Last May, the 40-year-old did the private catering for Prince Harry and Meghan Markle's evening wedding reception, a feat she described as an honour.
"It was really fantastic being able to work with them. The fairytale story was my lasting memory from the wedding… they were so happy," she said.
Smyth seems to take everything in her stride and admits that though a pressure-cooker stereotype exists around professional kitchens, she doesn't hold any truck with bullies. Bullies ultimately don't survive in the best kitchens, she says.
"I detest bullying, I hate it. I've been cooking for over 20 years and I've never seen people like that succeed. It never took long before they were gone and you had beaten them. All those people just fall by the wayside."
She added: "Now I just feel like everyone is a bit more focused on the love of food and what we do. But it wasn't just the hospitality industries, it was all industries at the top level [that experienced bullying]."
Ramsay himself adapted a military-style persona for his TV series Ramsay's Kitchen Nightmares where he was seen lashing failing restaurant owners with scathing criticism and whipping them back into shape.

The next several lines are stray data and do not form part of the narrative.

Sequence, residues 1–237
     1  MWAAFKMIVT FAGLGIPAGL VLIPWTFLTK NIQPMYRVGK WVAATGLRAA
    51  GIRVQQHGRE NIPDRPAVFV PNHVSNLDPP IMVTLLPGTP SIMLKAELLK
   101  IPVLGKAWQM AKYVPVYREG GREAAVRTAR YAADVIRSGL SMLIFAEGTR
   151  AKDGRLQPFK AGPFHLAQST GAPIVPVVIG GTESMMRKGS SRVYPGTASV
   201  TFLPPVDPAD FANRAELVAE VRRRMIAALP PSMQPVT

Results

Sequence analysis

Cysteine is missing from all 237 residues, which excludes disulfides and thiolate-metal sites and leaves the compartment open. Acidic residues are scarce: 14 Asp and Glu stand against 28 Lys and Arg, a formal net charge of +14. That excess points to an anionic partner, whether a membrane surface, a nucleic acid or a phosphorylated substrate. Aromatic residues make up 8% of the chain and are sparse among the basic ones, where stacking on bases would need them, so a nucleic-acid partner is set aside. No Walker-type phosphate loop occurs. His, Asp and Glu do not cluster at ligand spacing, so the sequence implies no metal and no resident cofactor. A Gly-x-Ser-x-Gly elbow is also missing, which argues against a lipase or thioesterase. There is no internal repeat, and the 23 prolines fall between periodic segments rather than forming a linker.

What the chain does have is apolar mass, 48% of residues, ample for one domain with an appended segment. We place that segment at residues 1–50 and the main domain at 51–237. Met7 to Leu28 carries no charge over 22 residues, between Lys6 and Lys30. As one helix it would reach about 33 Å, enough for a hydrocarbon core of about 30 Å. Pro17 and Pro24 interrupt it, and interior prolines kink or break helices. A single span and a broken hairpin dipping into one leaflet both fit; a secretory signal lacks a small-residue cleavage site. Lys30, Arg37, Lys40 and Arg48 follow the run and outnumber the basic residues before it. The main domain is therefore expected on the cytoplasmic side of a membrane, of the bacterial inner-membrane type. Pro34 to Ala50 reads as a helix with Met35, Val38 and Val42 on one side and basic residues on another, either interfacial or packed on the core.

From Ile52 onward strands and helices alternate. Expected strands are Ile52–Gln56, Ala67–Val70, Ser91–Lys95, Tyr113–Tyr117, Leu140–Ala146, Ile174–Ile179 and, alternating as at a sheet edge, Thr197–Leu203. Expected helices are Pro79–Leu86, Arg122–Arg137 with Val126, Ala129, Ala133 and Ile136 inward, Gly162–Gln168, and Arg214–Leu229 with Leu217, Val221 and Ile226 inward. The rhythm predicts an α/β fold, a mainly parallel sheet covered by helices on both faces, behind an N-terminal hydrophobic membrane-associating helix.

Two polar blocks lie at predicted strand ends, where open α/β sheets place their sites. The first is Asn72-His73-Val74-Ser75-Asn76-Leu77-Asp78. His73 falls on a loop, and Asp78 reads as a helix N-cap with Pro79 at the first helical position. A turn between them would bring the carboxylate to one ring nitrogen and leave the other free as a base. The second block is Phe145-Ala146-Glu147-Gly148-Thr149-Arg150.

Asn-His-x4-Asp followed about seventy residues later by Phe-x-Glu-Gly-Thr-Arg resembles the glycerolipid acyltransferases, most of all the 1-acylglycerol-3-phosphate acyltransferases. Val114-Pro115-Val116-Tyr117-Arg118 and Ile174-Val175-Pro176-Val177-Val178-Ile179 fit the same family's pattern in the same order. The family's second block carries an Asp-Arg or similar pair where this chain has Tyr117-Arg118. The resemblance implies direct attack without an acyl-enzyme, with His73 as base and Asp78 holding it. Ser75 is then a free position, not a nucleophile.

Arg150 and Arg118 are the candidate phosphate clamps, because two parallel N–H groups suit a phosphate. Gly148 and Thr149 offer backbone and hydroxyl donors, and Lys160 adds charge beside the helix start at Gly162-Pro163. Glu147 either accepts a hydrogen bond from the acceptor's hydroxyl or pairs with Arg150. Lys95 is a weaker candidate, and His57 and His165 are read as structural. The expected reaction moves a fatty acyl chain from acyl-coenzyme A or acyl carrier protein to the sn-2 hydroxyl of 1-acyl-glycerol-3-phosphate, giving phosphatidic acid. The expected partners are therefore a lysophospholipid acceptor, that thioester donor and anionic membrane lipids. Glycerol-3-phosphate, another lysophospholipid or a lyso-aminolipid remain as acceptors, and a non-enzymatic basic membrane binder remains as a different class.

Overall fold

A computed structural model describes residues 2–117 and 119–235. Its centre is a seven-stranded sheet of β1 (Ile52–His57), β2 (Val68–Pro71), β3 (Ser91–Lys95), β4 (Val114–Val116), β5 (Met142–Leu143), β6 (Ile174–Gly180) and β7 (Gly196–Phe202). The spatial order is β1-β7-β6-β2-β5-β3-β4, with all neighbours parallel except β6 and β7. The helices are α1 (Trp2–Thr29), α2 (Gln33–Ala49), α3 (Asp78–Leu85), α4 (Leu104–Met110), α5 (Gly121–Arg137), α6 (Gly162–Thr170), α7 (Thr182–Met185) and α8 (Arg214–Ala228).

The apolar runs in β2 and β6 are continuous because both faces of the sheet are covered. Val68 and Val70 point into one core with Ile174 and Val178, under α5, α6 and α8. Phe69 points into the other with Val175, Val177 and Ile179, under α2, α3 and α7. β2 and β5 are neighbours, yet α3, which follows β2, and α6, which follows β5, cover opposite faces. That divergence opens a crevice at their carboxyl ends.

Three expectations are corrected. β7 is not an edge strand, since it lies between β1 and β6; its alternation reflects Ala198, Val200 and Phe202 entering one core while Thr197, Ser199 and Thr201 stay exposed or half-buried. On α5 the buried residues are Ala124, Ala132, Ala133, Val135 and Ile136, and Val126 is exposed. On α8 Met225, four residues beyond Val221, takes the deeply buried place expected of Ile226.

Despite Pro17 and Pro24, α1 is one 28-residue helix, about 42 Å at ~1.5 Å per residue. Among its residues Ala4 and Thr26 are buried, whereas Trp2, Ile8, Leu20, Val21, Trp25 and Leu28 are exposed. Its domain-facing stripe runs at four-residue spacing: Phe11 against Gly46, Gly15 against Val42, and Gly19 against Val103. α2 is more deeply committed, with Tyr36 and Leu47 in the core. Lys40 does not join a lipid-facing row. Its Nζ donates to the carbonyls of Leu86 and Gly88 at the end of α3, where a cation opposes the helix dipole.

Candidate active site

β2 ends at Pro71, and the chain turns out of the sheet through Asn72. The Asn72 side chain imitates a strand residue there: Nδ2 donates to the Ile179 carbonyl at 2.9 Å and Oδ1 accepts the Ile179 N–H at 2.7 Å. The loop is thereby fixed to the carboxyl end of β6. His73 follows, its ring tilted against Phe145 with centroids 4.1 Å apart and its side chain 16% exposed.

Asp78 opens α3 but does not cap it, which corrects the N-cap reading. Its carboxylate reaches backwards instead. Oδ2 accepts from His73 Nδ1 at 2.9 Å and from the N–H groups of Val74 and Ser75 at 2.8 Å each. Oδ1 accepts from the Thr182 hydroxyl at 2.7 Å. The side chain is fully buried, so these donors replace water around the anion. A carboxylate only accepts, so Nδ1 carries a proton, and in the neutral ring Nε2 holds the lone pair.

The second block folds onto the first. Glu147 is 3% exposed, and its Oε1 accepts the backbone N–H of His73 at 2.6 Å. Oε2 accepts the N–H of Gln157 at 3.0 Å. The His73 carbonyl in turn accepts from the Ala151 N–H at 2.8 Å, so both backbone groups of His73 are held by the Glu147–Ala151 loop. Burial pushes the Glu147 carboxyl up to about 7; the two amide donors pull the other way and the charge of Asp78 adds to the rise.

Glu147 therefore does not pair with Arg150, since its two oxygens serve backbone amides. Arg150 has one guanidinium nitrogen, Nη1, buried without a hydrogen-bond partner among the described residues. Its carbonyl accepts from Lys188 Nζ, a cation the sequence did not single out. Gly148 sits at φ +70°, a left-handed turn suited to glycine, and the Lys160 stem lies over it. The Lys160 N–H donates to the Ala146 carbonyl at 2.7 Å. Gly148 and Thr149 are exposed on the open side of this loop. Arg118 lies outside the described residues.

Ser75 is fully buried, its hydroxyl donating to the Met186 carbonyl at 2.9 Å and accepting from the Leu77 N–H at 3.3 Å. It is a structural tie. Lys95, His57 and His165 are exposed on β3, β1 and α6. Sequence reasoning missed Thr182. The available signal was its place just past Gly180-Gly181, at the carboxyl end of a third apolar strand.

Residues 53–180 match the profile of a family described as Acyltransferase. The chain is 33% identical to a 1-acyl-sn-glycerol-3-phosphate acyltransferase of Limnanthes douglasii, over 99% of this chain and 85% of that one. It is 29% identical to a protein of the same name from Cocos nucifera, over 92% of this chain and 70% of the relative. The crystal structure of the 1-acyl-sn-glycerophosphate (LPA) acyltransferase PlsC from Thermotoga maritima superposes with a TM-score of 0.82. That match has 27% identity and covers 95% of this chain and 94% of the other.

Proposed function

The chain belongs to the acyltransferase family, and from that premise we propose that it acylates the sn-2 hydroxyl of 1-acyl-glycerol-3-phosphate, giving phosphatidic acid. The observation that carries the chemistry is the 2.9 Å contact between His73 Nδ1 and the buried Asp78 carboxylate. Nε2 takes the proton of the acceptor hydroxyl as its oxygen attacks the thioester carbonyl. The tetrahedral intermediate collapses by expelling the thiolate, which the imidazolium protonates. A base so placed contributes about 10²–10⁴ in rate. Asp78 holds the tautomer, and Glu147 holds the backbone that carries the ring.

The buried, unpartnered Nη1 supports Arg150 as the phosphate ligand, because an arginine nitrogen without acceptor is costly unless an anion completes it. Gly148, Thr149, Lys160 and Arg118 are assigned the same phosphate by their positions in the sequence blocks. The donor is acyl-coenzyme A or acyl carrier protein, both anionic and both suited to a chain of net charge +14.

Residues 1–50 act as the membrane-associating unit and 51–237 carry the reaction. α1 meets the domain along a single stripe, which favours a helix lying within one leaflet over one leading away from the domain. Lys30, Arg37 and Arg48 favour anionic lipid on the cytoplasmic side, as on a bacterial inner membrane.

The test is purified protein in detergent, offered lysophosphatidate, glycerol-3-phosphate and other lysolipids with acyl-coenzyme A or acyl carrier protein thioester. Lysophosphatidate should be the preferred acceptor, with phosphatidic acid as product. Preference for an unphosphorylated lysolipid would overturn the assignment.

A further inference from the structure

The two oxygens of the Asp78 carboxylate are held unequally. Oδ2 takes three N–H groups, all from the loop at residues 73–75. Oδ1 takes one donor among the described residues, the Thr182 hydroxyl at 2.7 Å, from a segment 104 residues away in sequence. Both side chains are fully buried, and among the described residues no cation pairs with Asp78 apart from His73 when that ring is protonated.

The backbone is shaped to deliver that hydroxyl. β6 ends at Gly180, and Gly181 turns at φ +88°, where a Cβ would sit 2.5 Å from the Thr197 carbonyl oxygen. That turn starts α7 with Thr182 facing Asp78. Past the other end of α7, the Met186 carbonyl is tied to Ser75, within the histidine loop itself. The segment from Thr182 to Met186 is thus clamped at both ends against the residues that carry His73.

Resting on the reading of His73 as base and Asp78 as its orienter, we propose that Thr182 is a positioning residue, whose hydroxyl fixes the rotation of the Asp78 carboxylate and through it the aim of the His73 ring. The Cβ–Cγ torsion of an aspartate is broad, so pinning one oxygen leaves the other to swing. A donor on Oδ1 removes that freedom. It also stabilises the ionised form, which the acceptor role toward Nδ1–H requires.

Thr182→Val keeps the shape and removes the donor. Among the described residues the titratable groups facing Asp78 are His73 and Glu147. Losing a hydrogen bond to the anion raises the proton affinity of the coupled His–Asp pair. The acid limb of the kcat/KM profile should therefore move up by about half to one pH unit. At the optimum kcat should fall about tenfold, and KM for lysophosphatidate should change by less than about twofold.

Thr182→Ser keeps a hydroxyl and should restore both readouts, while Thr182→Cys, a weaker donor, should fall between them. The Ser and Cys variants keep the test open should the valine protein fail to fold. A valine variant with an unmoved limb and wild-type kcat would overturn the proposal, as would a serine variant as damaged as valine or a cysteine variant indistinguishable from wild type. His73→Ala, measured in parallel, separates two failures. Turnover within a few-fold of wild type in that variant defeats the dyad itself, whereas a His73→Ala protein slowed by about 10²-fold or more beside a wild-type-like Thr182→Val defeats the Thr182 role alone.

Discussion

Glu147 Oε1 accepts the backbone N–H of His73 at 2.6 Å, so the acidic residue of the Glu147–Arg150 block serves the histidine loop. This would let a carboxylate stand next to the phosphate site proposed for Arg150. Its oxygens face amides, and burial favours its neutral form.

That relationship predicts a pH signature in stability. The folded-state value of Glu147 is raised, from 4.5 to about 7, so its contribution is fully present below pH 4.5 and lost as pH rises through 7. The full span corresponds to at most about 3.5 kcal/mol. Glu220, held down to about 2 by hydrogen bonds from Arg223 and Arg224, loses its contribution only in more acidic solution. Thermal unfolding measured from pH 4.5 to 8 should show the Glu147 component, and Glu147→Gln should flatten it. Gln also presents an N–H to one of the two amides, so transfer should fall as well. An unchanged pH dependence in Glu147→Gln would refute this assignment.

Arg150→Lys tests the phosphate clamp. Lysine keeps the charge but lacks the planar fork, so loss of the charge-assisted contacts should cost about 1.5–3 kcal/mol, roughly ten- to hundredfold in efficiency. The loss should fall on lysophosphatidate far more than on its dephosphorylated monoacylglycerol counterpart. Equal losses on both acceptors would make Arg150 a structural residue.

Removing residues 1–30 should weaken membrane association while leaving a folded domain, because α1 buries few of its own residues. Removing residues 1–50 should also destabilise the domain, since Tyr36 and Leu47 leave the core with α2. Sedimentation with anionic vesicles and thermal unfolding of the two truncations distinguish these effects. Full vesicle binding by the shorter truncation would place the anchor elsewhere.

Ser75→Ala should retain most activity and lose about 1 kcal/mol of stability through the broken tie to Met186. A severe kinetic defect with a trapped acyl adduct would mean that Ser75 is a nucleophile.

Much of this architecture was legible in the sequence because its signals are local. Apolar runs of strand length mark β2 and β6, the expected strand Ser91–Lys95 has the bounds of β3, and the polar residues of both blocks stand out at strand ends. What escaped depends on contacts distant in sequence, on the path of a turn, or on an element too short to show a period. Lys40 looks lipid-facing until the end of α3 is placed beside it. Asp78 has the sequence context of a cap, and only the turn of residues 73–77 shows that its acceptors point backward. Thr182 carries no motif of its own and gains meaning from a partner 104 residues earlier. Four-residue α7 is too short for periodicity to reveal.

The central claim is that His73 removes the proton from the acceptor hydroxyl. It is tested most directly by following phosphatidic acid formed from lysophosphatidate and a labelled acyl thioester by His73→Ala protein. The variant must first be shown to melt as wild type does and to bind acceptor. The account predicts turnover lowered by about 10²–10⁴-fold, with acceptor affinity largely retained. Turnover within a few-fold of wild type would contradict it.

But Smyth insists he is a consummate professional and even offered her solid advice on how to deal with tough personalities. (Though he did, Smyth has said, also tell her when he promoted her to chef patron of his flagship Chelsea restaurant: "If you screw up, it's your fault".)
"One of the things Gordon told me," she says, "was 'don't worry about me, don't worry about other people, focus on yourself'. Why would I lose my opportunities for them?"
Ramsay is "very easy to work with", Smyth says, and is a brilliant businessman who has 35 restaurants globally and seven Michelin stars, and whose approach to food is constantly evolving all the time.
"There is a TV thing. There's always going to be shouting in kitchens, but it's never bullying, it's always about the food, it's always for a reason. It was never picking on someone for no reason. I always found Gordon very easy to work with - you know where you stand with Gordon."
The pair were so close by the time Smyth left Restaurant Gordon Ramsay in 2016 to open Core, that he read her business plan and taste-tested her dishes before she opened its doors. Within a year, it had won two Michelin stars.
"It was difficult [telling him that I was leaving his restaurant]. He was obviously disappointed but happy at the same time. He always thought I was going to stay, he'd given me partnership. At all stages, he gave me good feedback."
The 40-year-old chef is resolute on the idea that success is not easily won; she was cooking for two and a half decades before she opened her own restaurant.
"You've got to learn it from the best chefs in the world. It's 10 years' worth of work and training before you can head up your first kitchen."